If the group of friends had any doubts about their collective vision, they were dispelled one night when they heard a loud sound upstairs.
A woman who previously occupied Space's third-floor room - which has doors to the inside and outside of the hotel - told them that the inside door to her room was always standing open every time she went upstairs through the hotel, Lee recalled. Another friend, "Doc," nailed a 2-by-4 across the door so nobody could go in without making a lot of noise, Lee said.
A couple of days later, Lee recalled being in the hotel bar with friends when they heard a loud noise upstairs. Going up to investigate, they discovered the 2-by-4 off the door and against the wall at the other end of the third-floor hallway.
The door to the room was wide open, Lee said. No one was on the third floor.
"I thought, 'OK," Lee said laughing.
The down-to-earth men, more accustomed to hammers and saws than horoscopes or crystal balls, came to accept and agree that they had seen and sensed a ghost.
"We've all seen her in the same outfit," DeCorte said.
Mama Sue Morgan, a friend of DeCorte who helps out around the hotel's kitchen, said she thinks she has a clue to the ghost's identity.
Morgan began studying the hotel's register to see whether she could discover who the young woman is. One name appears in the register regularly every month between 1899 and 1902: Miss Alma Russell of Maybert, a long-since-disappeared town a few miles upriver from Washington.
"I don't have a clue why I thought that," Morgan said about honing in on Russell. "I was so fascinated by a woman traveling alone."
Morgan didn't find a pattern to Russell's visits, nor was she able to connect her visits to the hotel to any other guest staying there at the time. Sometimes she is registered as "Miss Russell," sometimes "Miss A. Russell." She usually stayed in Room 4.
On Dec. 20, 1902, the hotel register shows that Russell stayed in a room across the hall from Wyatt Earp, the famous lawman who was also a mining engineer, Morgan said. The hotel's register lists guest after guest visiting area mines. President Grover Cleveland slept there on Oct. 6, 1901.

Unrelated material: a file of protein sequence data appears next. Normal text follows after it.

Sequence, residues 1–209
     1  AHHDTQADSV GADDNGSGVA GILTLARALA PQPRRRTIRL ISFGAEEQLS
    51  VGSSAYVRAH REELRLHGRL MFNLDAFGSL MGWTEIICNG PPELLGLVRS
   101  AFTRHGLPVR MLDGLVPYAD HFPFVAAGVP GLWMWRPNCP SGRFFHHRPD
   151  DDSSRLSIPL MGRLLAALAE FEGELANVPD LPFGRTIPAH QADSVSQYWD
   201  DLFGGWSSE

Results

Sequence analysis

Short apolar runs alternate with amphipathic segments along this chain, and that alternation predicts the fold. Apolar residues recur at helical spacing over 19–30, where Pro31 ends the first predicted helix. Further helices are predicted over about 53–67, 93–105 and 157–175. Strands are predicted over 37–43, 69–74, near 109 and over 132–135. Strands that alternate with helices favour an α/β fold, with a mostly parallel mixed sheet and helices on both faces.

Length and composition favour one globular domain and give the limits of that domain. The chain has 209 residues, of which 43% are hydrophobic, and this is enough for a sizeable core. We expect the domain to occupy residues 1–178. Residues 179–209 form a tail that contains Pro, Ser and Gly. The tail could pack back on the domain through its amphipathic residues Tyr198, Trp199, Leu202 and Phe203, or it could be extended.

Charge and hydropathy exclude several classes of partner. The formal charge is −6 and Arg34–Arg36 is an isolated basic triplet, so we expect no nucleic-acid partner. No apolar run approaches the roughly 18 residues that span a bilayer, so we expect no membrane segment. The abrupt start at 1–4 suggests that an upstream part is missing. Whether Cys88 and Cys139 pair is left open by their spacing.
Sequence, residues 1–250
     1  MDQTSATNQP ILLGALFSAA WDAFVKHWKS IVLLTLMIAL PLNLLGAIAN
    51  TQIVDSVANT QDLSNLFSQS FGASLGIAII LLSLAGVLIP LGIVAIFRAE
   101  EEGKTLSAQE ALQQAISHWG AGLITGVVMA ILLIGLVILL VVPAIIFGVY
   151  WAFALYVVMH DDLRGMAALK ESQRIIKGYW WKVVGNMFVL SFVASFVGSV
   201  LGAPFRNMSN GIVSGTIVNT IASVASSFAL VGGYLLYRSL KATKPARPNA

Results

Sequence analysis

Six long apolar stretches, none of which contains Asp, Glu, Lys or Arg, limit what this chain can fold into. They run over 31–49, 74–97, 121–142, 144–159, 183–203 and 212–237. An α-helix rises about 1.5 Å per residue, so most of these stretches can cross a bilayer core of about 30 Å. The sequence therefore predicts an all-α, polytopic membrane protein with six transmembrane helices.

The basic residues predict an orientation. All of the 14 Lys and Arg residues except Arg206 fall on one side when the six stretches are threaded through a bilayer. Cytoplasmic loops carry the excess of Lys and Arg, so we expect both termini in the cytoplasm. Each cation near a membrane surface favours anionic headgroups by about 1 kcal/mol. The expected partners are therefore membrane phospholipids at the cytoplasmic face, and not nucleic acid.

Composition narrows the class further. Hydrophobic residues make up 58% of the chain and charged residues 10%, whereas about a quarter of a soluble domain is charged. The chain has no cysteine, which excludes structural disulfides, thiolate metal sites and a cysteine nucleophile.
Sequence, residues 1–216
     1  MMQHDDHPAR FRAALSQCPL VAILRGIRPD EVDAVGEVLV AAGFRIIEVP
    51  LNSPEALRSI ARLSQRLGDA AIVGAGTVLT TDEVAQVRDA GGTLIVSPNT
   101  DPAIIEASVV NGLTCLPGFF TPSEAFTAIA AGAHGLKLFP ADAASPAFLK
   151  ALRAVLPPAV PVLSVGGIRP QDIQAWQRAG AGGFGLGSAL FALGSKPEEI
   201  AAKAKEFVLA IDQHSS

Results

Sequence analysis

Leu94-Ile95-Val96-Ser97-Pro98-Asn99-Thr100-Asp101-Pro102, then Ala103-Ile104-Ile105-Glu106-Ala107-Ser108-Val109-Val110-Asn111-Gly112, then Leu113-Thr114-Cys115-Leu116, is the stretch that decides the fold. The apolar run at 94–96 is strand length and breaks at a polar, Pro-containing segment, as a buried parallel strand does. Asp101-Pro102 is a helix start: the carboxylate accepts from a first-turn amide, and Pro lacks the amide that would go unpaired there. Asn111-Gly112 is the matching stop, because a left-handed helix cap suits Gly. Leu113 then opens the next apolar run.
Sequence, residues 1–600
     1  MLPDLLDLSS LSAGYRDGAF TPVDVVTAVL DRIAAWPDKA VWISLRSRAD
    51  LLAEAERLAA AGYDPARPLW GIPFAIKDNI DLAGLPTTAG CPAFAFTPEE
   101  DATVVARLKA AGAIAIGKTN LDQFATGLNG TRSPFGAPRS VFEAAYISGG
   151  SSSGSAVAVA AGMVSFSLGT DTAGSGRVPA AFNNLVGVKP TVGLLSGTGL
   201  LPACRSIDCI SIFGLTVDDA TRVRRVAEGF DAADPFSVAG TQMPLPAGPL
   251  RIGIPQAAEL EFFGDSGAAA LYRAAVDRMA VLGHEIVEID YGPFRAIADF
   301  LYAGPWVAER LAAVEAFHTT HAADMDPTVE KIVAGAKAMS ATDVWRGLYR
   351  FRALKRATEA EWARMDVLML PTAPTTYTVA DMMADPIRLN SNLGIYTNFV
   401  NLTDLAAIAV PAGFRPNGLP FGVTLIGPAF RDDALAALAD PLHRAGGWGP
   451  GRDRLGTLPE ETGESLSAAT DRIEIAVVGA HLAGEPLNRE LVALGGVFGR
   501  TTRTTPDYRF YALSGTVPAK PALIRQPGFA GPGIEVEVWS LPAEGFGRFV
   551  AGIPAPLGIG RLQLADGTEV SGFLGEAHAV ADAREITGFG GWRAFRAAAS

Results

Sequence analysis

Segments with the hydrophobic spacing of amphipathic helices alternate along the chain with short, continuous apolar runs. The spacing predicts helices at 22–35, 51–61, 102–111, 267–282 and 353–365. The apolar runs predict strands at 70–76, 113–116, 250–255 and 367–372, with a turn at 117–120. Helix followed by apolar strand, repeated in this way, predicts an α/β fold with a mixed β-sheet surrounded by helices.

Morgan searched at the Searls Historical Library in Nevada City for Russell's name. She is not listed as a teacher, or as a secretary at one of the mines, or as a postmistress. Morgan also has found no birth, marriage or death records on the regular visitor from Maybert to Washington.
Morgan said she does not think Russell was a prostitute, another of the very few professions for women at the time. "They were all over at Rocky Bar," she said.
The ghost's dark hair is worn up, in the style of respectable women of the time, and her skirt covers her feet. Her blouse is a demure pink or rose color, DeCorte said. An old hat found in the wall upstairs is decorated with faded pink ribbon. Morgan wonders whether it belonged to Russell.
"She's a mystery," Morgan said. "She's not recorded anywhere."
Guests at the hotel sometimes ask about laughter, crying and a small child in the third floor window - sounds and sights for which DeCorte and friends cannot account. People have reported seeing a small child in the third-floor window as well as a miner in the hotel.
DeCorte, Voight, Morgan and Lee said they have at times just asked the ghosts to stop their nonsense.
"Once I was tired, closing up the bar, and the lights were flickering on and off," Lee recalled. "I just said, "Hey, I'm tired. Stop."
"I've had a feeling of someone getting into bed with me," Voight said. "I said, 'That's it."
"She's been quiet for a while," Lee said. "You don't really get scared after a while. It's a normal occurrence."